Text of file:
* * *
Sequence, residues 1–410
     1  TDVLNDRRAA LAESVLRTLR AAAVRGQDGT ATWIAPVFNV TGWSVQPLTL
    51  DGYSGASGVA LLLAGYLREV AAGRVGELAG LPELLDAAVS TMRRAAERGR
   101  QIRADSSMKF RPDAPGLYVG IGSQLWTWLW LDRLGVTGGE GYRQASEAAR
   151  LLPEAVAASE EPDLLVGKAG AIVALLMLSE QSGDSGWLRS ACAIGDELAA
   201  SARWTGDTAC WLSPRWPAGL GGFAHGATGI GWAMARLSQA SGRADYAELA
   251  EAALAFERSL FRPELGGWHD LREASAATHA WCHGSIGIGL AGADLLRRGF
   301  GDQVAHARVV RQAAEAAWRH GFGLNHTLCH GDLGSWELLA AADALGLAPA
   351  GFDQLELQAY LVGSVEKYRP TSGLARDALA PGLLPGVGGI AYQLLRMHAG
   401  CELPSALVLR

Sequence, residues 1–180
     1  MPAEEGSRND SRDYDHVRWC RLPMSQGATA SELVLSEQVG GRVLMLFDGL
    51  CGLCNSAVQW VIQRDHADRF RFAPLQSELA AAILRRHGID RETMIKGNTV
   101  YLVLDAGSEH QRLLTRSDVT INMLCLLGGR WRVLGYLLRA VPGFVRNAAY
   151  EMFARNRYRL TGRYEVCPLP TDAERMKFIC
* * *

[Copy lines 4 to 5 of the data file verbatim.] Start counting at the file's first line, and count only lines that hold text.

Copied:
   101  QIRADSSMKF RPDAPGLYVG IGSQLWTWLW LDRLGVTGGE GYRQASEAAR
   151  LLPEAVAASE EPDLLVGKAG AIVALLMLSE QSGDSGWLRS ACAIGDELAA